Continued shift away from traditional nonprofits
This trend was in full effect pre-2020: the movement to give to online funding platforms like GoFundMe, to directly help individuals or groups who weren’t charities or nonprofits. With so many people financially affected both by changed individual behaviour (e.g. people avoiding restaurants even when they are able to be open) and mandated restrictions, it’s possible economic circumstances will drive more funding efforts of this type. Whether business or individuals trying to stay afloat, there were likely more of these funds-raisers in 2020, deepening the existing trend.
Connecting on social media
Many people forged and maintained connections on social media in 2020: people are now used to connecting online, with friends and family, influencers, and their favourite brands—including charities. Because of this, some even expect a more direct connection from charities they connect with on social media, including the assumption that they will of course make a donation and then post about it. Anecdotally, many regular people seem to be almost as dedicated to regularly posting content as brands and influencers, curating their feeds and spending hours on a new TikTok video (you never know what’s going to go viral). This could be an opportunity for social media-savvy charities who provide their supporters an easy way to demonstrate their support, and also to engage younger demographics who are trending away from traditional charities. Perhaps part of the appeal of giving platforms like GoFundMe is that there are made to be shared, allowing social media users to quickly demonstrate their passion for a cause. Developing one or several images, backgrounds, experiences or even videos made for sharing can encourage giving, allowing supporters to demonstrate their values to those in their social networks and boosting the org’s profile at the same time. And the more we must stat at home in 2021, with new lockdown restrictions in response to COVID-19, the more influential social media will be.
Risks have increased
With the internet generally, social media specifically, and the 24-hour news cycle, opinions can change quickly. Sometimes, one viral post is all it takes to turn someone from esteemed known name to a footnote. Because of this, the risks to an org associating itself with any individual have increased, and the stakes are high. Ethics of funders has always been a priority, but now more than ever there are millions of social media activists who will expose unethical behaviour—possibly exposing your organization too if you were associated with them. What if your spokesperson is suddenly caught on video harassing Starbucks employees? What if you announce a partnership with a major funder, and it prompts someone to expose their bad—or illegal—behaviour? Ten years ago it may have been a 24-hour bad news cycle where you can send out a press release and disassociate, but now think about millions of shares happening for weeks. The risks of these types of partnerships are exacerbated by COVID-19 and its economic fallout, and the lasting political divide. (Similar but slightly different: also consider the optics of lavish galas or cocktail parties. Anti-poverty charities have been wise to avoid them for too contradicting their mission, but other nonprofits may also receive poor coverage for high-expense events given the financial impact of COVID-19.)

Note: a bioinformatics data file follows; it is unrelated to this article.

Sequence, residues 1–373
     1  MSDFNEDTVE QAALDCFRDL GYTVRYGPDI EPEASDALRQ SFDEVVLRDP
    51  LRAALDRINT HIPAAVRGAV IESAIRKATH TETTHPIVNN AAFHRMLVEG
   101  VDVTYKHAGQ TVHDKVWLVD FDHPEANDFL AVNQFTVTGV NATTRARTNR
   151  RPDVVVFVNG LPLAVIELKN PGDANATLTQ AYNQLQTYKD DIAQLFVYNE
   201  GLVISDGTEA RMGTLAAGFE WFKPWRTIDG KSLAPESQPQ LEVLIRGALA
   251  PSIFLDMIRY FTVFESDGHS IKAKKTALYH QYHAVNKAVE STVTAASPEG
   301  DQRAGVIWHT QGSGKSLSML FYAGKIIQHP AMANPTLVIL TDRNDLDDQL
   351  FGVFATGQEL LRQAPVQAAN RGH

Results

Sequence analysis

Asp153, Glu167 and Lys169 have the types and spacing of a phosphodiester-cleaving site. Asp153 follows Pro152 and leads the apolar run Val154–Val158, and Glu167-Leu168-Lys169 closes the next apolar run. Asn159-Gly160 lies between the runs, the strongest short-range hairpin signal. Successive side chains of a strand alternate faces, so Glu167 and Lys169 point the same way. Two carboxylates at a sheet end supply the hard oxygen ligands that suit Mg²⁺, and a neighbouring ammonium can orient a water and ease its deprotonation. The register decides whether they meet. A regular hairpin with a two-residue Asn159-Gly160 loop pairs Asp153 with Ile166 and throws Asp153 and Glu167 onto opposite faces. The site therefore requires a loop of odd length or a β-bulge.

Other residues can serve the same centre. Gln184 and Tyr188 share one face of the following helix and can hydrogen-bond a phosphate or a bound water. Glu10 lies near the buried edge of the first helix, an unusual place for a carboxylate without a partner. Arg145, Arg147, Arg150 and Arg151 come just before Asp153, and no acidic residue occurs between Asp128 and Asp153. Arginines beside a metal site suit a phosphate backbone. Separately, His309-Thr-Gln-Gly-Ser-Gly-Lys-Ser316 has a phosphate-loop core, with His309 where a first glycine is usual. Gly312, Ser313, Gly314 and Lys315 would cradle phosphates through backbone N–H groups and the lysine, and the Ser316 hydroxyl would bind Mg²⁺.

Carefully consider what an individual funder, spokesperson of prominent partner received from the organization, and carefully review what steps can be taken under different scenarios. You may never need such preparation, but if you do, it’s vital to have it already sorted and ready at a moment’s notice.
Social justice at the forefront
For the nonprofit sector as a whole, there is still a reckoning on the horizon. At long last, Black Lives Matter came to the forefront in 2020 and received the attention the issues deserve, but fundamental systemic and structural barriers remain. Moreover, lasting changes from anything undertaken in 2020 are not guaranteed and require ongoing work, particularly by people in privileged positions who rushed to be associated with the cause (. And for MeToo—in past years, there was a wave of scrutiny for known abusers and harassers, but the nonprofit sector has not had to deal with it yet. We know charities are not exempt from people with ill intent, meaning that our MeToo moment is still to come. Keep social justice in mind at the core of all of activities, do what you can to move things forward this year, and we can be in a better place when that reckoning comes.